Unfortunately, between 1982 and 2002, 5,239 people died from injuries associated with ATVs, according to the Consumer Product Safety Commission (CPSC). In 2002, 113,900 people went to the emergency room with ATV-related injuries. Even more devastating, the CPSC estimates that at least 30% of all the people involved in ATV accidents are children, someoneís son or daughter. In the most tragic situations, the loss can be felt for a lifetime.
These tragedies are perpetuated by a system that is still playing catch-up. The first ATVS that went on the US market in 1971 were three-wheelers. These vehicles were involved in so many rollovers and injuries, the United States Justice Department filed a lawsuit alleging that ATVs and their manufacturers violated the Consumer Product Safety Act. In 1987, the ATV manufacturers agreed to stop producing three-wheeled ATVs. They started making four-wheelers to provide greater stability, but they did not recall the 2.4 million defective three-wheelers that had been already sold. Many of these extremely dangerous ATVs remain in use today.
The other part of the problem can be tied to lack of regulations about ATV use. At this time, many states do not require an age limit, license or training to operate an ATV. Very few people even realize that there are preventive measures for safe riding. For example, children ages 12 to 15 should be driving an ATV that is 70cc to 90cc. Many adult-size ATVs, which weigh between 500 and 1,000 pounds and can travel as fast as 75 miles per hour, are purchased for children.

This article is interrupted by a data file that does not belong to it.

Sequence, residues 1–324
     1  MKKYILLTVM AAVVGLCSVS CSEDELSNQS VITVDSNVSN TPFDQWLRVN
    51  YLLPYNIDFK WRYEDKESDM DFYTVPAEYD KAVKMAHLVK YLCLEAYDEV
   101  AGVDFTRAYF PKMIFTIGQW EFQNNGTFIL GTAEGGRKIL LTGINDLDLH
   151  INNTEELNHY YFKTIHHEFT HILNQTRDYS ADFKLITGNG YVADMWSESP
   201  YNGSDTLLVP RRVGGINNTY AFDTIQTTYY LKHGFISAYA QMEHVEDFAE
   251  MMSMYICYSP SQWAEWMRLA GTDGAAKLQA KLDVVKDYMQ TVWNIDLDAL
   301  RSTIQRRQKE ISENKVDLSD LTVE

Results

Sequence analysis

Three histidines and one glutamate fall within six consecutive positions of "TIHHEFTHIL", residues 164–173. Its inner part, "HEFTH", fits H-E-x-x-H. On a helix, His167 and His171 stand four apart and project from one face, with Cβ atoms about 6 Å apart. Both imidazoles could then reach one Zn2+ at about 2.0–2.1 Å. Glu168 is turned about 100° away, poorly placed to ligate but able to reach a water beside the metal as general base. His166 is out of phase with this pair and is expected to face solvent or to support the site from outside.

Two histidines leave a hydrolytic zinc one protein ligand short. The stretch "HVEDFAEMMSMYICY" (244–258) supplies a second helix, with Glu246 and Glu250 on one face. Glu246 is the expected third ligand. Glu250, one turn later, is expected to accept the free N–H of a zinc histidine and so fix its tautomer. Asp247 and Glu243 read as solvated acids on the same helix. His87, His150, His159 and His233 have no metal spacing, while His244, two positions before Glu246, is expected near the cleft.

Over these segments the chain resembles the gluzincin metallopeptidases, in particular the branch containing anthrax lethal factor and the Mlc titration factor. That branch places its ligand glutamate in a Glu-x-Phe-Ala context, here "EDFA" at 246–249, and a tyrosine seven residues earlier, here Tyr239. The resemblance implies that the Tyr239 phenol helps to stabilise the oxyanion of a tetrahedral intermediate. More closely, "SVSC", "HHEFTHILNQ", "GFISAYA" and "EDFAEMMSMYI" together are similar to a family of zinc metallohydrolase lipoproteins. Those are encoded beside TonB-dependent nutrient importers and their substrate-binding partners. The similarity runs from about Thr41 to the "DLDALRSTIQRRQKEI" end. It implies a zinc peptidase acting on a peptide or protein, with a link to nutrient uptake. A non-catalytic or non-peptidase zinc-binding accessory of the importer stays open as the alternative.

Most ATV accidents are preventable and due to unsafe speed, drinking and driving, driving on paved roads and running into regular traffic, driving in unsafe weather conditions, and driving without proper supervision or training.
Other causes of ATV accidents are related to the vehicle itself. In legal terms, "manufacturing defects" are flaws in the manufacturing process that result in injuries. "Failure to warn" describes a situation in which a manufacturer knows of a hazard regarding the product and does not warn consumers about it. "Design defects" are errors in the product design that make the vehicle dangerous. People are winning lawsuits against ATV manufacturers, and hundreds of thousands of ATVs have been recalled since 2000.
If you or someone you love has been injured in an ATV accident and it was somebody elseís fault, you may be able to receive valuable compensation for your loss. Some things can never be replaced, but through the legal process you may be entitled to compensation for medical bills, vehicle repairs, pain and suffering, loss of earning, and future loss of earnings. In the extremely unfortunate event that a death has occurred as a result of the accident, you can file a wrongful death suit.